was electric and I finished about mid-pack.

Mountain biking is a great sport to be in. People
ask me if downhill racing is really scary. I say,
‘Yes it is, and I love it.’ Every time I race I scare
myself silly and then say, ‘Yeah let’s do it again.’
When you’re riding well, you are right on the
edge, as close as you can be to being out of
12 However, you quickly learn
how to do it so as not to injure yourself. And it’s
part of the learning process as you have to push
yourself and try new skills to improve.

Initially, downhill racing wasn’t taken seriously as a
mountain-biking discipline.
13 But things
are changing and riders are now realising that
they need to train just as hard for downhill racing
as they would do for cross-country.

The races are run over ground which is generally
closer to vertical than horizontal, with jumps,
drop-offs, holes, corners and nasty rocks and
trees to test your nerves as well as technical
skill. At the end of a run, which is between two
and three minutes in this country your legs hurt
so much they burn.
14 But in a race,
you’re so excited that you switch off to the pain
until you’ve finished.

A lot of people think that you need to spend
thousands of pounds to give downhill mountain
biking a go.
15 A reasonable beginner’s
downhill bike will cost you around £400 and the
basic equipment, of a cycle helmet, cycle shorts
and gloves, around £150. Later on you may
want to upgrade your bike and get a full-face
crash helmet, since riders are now achieving
speeds of up to 80 kilometres per hour.





I’ve fallen off more times than I care to

I usually have to stop during practice

The courses were twice as long and the
crowds were twice as big.

I’m not strong enough in my arms, so I’ve
been doing a lot of upper-body training
this year.





The attitude was: how much skill do you
need to sit on a saddle and point a bike
in the same direction for a few minutes?

I finished last, but it didn’t matter as I
really enjoyed it.

Nothing could be further from the truth.

It’s not all stardom and glamour, though.

Turn Over ►

Part 3
You are going to read a magazine article about people who collect things. For questions 16 – 30,
choose from the people (A – D). The people may be chosen more than once.
Mark your answers on the separate answer sheet.

Which person

had to re-start their collection?

has provided useful advice on their subject?

was misled by an early success?

received an unexpected gift?

admits to making little practical use of their collection?

regrets the rapid disappearance of certain items?

is aware that a fuller collection of items exists elsewhere?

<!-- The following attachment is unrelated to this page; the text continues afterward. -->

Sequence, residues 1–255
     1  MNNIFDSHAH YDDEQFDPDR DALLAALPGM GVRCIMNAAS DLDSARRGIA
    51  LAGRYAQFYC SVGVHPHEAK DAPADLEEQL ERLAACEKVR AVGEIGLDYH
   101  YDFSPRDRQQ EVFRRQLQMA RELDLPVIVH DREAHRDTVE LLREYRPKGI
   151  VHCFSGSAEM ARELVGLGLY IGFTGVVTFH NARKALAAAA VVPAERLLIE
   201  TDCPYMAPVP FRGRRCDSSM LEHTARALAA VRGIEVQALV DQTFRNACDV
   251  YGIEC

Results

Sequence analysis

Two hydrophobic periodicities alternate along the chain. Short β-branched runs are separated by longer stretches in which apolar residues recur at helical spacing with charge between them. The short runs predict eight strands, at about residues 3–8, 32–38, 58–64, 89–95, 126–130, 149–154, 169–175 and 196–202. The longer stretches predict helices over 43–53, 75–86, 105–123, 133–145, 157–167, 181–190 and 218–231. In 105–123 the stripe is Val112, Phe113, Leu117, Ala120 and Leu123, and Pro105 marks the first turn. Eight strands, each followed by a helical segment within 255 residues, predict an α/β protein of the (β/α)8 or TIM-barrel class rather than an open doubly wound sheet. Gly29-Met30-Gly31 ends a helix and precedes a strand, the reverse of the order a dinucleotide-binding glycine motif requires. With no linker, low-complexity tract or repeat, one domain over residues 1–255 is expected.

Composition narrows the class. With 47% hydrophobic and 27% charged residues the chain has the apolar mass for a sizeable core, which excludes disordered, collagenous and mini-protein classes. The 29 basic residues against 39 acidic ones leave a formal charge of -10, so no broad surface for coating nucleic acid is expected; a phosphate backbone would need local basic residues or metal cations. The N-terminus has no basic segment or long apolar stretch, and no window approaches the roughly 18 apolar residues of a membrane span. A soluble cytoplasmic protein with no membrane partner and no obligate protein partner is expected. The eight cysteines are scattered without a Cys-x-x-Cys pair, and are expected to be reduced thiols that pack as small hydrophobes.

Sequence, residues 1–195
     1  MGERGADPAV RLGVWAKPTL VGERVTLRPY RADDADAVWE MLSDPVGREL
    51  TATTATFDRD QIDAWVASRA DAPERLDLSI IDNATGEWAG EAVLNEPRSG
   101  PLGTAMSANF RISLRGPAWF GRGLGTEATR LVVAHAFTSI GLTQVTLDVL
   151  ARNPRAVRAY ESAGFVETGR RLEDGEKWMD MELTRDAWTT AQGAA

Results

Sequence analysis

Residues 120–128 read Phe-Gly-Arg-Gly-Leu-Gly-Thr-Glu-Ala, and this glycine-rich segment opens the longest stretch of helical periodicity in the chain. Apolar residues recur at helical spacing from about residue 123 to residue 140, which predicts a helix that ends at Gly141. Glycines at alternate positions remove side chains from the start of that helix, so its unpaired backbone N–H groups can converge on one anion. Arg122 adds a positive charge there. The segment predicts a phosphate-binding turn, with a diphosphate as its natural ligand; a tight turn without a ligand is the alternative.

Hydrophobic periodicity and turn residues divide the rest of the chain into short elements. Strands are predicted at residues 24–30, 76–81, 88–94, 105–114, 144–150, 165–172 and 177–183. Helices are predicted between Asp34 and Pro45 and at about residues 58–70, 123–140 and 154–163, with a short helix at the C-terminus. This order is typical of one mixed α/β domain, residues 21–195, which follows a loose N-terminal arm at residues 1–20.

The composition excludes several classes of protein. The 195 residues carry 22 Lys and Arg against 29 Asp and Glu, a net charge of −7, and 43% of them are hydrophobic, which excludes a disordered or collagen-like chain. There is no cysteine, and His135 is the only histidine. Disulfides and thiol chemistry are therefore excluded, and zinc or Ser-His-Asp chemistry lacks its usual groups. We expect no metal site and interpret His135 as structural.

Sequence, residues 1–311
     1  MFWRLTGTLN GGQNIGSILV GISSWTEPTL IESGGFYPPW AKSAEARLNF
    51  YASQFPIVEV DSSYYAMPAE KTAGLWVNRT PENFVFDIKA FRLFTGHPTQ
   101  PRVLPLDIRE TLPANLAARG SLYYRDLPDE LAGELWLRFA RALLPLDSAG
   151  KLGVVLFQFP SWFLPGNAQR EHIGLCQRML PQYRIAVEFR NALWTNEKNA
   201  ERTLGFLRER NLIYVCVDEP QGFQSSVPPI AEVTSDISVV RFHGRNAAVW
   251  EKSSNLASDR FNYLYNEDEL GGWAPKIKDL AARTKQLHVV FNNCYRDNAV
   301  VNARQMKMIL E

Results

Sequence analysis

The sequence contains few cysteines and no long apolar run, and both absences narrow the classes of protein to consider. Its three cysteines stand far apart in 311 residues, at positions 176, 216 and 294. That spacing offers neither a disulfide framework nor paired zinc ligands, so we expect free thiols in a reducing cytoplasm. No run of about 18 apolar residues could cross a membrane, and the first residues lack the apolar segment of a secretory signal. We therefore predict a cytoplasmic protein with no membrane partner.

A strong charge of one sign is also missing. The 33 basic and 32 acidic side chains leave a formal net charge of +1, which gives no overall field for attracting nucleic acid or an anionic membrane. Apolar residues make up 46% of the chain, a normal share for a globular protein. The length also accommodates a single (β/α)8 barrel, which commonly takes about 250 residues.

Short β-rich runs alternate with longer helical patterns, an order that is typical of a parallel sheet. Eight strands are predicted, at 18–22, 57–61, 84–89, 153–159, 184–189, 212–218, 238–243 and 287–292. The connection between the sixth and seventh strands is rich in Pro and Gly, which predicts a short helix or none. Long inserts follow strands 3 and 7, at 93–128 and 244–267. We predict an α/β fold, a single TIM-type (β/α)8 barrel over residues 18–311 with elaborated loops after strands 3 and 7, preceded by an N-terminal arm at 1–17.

has a history of collecting different items?

performed a favour for someone they knew?

is a national expert on their subject?

is aware that they form part of a growing group?

insists on purchasing top-quality items?

noticed items while looking for something else?

has to protect their collection from damage?

would like to create a hands-on display of their collection?

The World of Collecting

Ron Barton shares his home with about 200
sewing machines. His passion began when he
was searching for bits of second-hand furniture
and kept seeing ‘beautiful old sewing machines
that were next to nothing to buy’. He couldn’t
resist them. Then a friend had a machine that
wouldn’t work, so she asked Barton to look at it
for her. At that stage he was not an authority
on the subject, but he worked on it for three
days and eventually got it going.
Later he opened up a small stand in a
London market. ‘Most people seemed
uninterested. Then a dealer came and bought
everything I’d taken along. I thought, “Great!
This is my future life.” But after that I never
sold another one there and ended up with a
stall in another market which was only
moderately successful.’
Nowadays, he concentrates on domestic
machines in their original box containers with
their handbooks. He is often asked if he does
any sewing with them. The answer is that,
apart from making sure that they work, he
rarely touches them.

As a boy, Chris Peters collected hundreds of
vintage cameras, mostly from jumble sales and
dustbins. Later, when the time came to buy his
first house, he had to sell his valuable
collection in order to put down a deposit. A few
years after, he took up the interest again and
now has over a thousand cameras, the earliest
dating from 1860.
Now Peters ‘just cannot stop collecting’ and
hopes to open his own photographic museum
where members of the public will be able to
touch and fiddle around with the cameras.
Whilst acknowledging that the Royal Camera
Collection in Bath is probably more extensive
than his own, he points out that ‘so few of the
items are on show there at the same time that I
think my own personal collection will easily
rival it.’

Sylvia King is one of the foremost authorities
on plastics in Britain. She has, in every corner
of her house, a striking collection of plastic
objects of every kind, dating from the middle of
the last century and illustrating the complex
uses of plastic over the years.
King’s interest started when she was
commissioned to write her first book. In order
to do this, she had to start from scratch; so she
attended a course on work machinery,
maintaining that if she didn’t understand
plastics manufacture then nobody else would.
As she gathered information for her book,
she also began to collect pieces of plastic from
every imaginable source: junk shops, arcades,
and the cupboards of friends. She also
collects ‘because it is vital to keep examples.
We live in an age of throw-away items: tape-
recorders, cassettes, hair dryers – they are all
replaced so quickly.’
King’s second book, Classic Plastics: from
Bakelite to High Tech, is the first published
guide to plastics collecting. It describes
collections that can be visited and gives simple
and safe home tests for identification.
King admits that ‘plastic is a mysterious
substance and many people are frightened of
it. Even so, the band of collectors is constantly

Janet Pontin already had twenty years of
collecting one thing or another behind her
when she started collecting ‘art deco’ fans in
1966. It happened when she went to an
auction sale and saw a shoe-box filled with
them. Someone else got them by offering a
higher price and she was very cross. Later, to
her astonishment, he went round to her flat
and presented them to her. ‘That was how it
all started.’ There were about five fans in the
shoe-box and since then they’ve been
exhibited in the first really big exhibition of ‘art
deco’ in America. The fans are not normally
on show, however, but are kept behind glass.
They are extremely fragile and people are
tempted to handle them. The idea is to have,
one day, a black-lacquered room where they
can be more easily seen.
Pontin doesn’t restrict herself to fans of a
particular period, but she will only buy a fan if it
is in excellent condition. The same rule
applies to everything in her house.